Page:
Fast-forward a decade. The world has changed a lot and we are in an interesting place now. Technology has drastically transformed and democratized much (but certainly not all) of the world. There are creative outlets for anyone with a browser, the chance to go viral overnight, and smaller startups changing the landscape at an amazing pace. Not all of them are going to make it, that’s a given. But cloud platforms, hackathons, and the supercomputers many of us carry around in our pockets fuel innovation and opportunity. It happens at such a rate that large companies across industries find themselves compelled to innovate and/or acquire smaller, more innovative businesses. The alternative is die off and be replaced by newer models. Software as a service, mobile payments, car sharing, VOIP and people dropping wired phones, music and movie streaming are all prime examples of the new reality shaking things up.
Today’s entry is on being awesome. Not somebody else. You. Me. Us. But only if we choose to do it.
I’m traveling this evening with someone who has worked at the same company as I have for the last dozen years. We were reminiscing about the good old days and how they really weren’t all that. It was easy to party like it was 1999 back in 1999. By the time 2001 rolled around, the .com bubble had burst. Jobs in my industry were extremely tough to come by and those that had them were really in survival mode. This wasn’t a workplace nirvana by a long shot and people felt their jobs were threatened for several years. There was some upside to struggling to the top of the heap but for the most part, envision a pile of fire ants in a flooded river trying not to drown. You did not want to end up at the bottom of that stack and the penalty of failure loomed large. As a result, there was a lot of risk in attempting to stand out and be awesome. It wasn’t something many people really did from what I saw.
So where does that put us and how does that factor into personal awesomeness? There’s clearly the opportunity to start your own thing. Crowdsourcing and Kickstarter concepts have even changed that. If you’re in an enterprise that’s adapting or innovating – as all must do these days – then you’re probably in a different spot that you used to be and may not even realize it. As I noted above, I was trained into a survival mode in a tough environment. This type of situation gets your mind in a safety-above-all-else mode. Today’s world is actually different partly because of the stress on existing business models and partly because of this democratization. Even in areas under pressure, it’s generally more acceptable to stand out. It’s even encouraged and that’s where opportunity lies. If you keep quiet about your ideas then you maintain your status quo. You might be totally safe. But you actually may be totally safe if you speak up with some well-founded passion for change as well. You will probably have a greater perceived value and respect as an outcome too.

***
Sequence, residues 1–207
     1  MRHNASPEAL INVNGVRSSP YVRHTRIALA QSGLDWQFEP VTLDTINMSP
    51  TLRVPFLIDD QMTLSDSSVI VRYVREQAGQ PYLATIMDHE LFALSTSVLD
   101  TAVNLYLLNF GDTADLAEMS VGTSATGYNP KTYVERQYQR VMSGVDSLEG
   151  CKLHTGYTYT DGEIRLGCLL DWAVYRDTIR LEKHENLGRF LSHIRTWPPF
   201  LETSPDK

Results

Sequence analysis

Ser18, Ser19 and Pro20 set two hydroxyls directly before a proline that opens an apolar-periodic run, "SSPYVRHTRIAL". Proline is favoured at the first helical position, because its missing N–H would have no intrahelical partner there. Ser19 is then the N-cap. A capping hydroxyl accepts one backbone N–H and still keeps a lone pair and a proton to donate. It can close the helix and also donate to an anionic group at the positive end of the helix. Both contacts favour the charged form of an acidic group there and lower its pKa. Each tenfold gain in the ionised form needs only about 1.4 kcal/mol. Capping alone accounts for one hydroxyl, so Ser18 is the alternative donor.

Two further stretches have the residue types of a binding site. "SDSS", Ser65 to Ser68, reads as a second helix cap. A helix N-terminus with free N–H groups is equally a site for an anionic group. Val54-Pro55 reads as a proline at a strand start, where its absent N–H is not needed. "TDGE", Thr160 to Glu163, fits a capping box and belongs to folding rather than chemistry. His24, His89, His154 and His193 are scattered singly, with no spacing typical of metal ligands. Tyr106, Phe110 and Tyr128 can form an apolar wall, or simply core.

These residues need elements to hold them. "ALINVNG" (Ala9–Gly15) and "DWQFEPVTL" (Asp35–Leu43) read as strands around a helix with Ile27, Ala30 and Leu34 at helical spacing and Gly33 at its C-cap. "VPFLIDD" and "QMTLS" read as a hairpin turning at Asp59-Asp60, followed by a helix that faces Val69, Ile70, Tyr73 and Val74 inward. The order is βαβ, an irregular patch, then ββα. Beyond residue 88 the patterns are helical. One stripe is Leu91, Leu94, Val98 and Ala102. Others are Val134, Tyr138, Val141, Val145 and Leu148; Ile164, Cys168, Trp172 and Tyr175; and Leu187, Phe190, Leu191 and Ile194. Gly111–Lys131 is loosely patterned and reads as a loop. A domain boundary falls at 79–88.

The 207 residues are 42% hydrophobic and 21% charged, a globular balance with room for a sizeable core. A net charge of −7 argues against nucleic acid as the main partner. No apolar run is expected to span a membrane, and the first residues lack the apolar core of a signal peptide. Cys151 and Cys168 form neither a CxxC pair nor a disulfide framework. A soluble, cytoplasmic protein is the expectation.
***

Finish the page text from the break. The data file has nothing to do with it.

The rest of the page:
All of this leads to confidence and it fuels more creativity because the risk gets continually lowered as respect builds. When those factors are combined with a genuine desire to move things in a positive direction then the result is awesomeness. It’s tough because there are moments where the perceived risk is higher and those are also times when the possible outcome can be transformative in a good way.
A great example is a good friend of mine who had to get up at 4AM and jump on a plane with some execs from his company to fly cross country and then be “on” for about 18 hours. That’s an exhausting proposition, particularly since – at least for me – a flight that early means that quality sleep doesn’t happen (because all sorts of strangeness happens at 4AM). There are all the ideas that you’d want to get across, a view from the top, and the hope that all of this is additive and makes sense as a whole. He is the kind of person who is passionate about what he does and continually educates himself which includes asking others what they think. I don’t have the full story yet, but he ended the day still buzzing from the high of being “on”.
There’s a point where you can lose the exhaustion and the planned talk track you program into your brain, and just be yourself. Unless you’re dealing with a set of unreasonable egomaniacs, you get genuine respect for sharing well-founded ideas and perspectives based on your knowledge. If you’re quiet or just a yes-man then that respect doesn’t happen and you lose future chances. In today’s world, if you can’t be counted on to speak your mind and bring perspective to the table then your co-workers, management, customers, and peers won’t have reason to seek you out.
This isn’t about some wild carpe diem into-the-blue jump from a plane with no chute. You may really fail and it may really matter. If you can let your inner awesomeness shine in a natural way then you can truly succeed. But it’s on you to take that step. Even if it’s a baby step.